2021 CVF Pacific Regional Communique
H.E. Mr. Casten Nemra, Hon. Minister of Foreign Affairs and Trade of the Republic of the Marshall Islands, at the CVF Pacific Regional Dialogue.
2021 CVF PACIFIC REGIONAL COMMUNIQUÉ
Climate Vulnerable Forum Regional Dialogue for the Pacific
3 September 2021
We, Ministers and Senior Representatives, members, and observer nations, of the Climate Vulnerable Forum (CVF) from the Pacific, representing a significant number, and a representative group, of those countries most vulnerable to the adverse impacts of climate change in our region, have adopted 16 recommendations for improving the response to the climate crisis at our Regional Dialogue of the CVF for the Pacific held on 1-3 September 2021.
The third in a series of regional to global cooperation activities of the CVF being held in 2021 in the lead up to the October-November 2021 United Nations Climate Change Conference (UNFCCC COP26) in Glasgow, the CVF Pacific Regional Dialogue was co-hosted by Bangladesh, in its role as CVF Chair, and the Marshall Islands, and organized in cooperation with the Global Center on Adaptation.
The 8 participating governments from the Pacific included: Fiji, the Republic of Kiribati, the Republic of the Marshall Islands, the Federated States of Micronesia, the Republic of Palau, Samoa, the Solomon Islands, and Vanuatu.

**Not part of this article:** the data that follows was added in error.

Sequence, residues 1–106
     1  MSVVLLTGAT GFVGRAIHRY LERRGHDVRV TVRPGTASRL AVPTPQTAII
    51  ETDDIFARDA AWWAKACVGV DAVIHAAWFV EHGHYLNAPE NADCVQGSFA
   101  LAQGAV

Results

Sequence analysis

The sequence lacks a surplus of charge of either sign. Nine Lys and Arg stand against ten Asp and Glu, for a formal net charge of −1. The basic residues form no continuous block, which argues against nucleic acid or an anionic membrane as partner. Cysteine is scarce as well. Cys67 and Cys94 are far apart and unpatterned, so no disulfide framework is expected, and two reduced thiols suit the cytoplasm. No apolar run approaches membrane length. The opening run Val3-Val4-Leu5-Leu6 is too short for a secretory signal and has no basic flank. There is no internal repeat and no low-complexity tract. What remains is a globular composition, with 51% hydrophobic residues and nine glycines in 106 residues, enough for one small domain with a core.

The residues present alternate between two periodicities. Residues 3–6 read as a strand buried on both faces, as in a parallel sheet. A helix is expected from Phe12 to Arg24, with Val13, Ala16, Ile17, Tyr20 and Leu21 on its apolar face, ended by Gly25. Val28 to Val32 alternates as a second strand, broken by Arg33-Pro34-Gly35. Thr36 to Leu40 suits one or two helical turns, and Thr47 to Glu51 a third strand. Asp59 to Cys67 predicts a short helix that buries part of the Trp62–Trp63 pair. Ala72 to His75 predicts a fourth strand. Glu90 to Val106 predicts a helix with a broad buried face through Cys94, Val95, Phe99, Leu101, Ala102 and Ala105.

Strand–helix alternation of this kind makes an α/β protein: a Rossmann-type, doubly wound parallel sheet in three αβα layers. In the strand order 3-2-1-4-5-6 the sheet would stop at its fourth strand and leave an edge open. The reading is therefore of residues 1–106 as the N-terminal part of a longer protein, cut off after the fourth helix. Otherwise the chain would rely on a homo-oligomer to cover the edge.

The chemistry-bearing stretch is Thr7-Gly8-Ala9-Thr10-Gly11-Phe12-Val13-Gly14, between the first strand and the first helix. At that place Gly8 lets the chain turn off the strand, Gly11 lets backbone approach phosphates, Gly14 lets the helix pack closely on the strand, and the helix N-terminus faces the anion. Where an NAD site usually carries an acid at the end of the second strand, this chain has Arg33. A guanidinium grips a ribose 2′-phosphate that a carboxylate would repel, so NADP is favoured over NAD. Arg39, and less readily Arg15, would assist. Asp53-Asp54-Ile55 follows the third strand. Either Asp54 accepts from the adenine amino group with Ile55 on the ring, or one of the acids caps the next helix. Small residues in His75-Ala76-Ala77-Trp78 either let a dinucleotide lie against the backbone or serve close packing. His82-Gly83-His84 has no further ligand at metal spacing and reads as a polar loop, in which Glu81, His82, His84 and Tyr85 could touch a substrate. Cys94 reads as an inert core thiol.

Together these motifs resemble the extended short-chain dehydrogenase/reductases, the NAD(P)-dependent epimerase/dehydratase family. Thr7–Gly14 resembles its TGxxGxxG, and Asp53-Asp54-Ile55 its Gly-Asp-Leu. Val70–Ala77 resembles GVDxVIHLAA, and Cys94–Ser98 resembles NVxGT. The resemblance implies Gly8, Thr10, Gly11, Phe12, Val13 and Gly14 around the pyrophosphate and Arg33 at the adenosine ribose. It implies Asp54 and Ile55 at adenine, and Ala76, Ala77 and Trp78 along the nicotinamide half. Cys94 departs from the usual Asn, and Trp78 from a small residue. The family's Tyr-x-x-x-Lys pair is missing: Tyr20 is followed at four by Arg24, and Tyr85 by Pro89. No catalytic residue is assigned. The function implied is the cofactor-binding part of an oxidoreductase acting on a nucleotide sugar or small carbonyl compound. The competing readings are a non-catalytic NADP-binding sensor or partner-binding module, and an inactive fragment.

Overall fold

The 16 recommendations aimed at stimulating national, regional, and global advances stemmed from the Regional Dialogue’s review of shared challenges, gaps, and success stories in the Pacific region’s experiences in dealing with a mounting climate crisis, as follows:
The urgency for action has never been greater following the stark findings of the first working group of the Intergovernmental Panel on Climate Change’s (IPCC) 6th Assessment Report of August 2021, indicating that global heating was occurring faster than the IPCC concluded in 2018, with devastating consequences for people everywhere but especially those most vulnerable.
The world must act. In particular, we need to see action on the climate emergency at COP26 with a clear pact for ambition and finance delivery in global solidarity.
We, moreover, look forward to the full substantiation and operationalization of the Paris Agreement Global Goal on Adaptation as a top priority for our most vulnerable nations, struggling on the frontline of fast worsening worldwide climate crisis.
We supported the CVF priorities for COP26, in the following areas: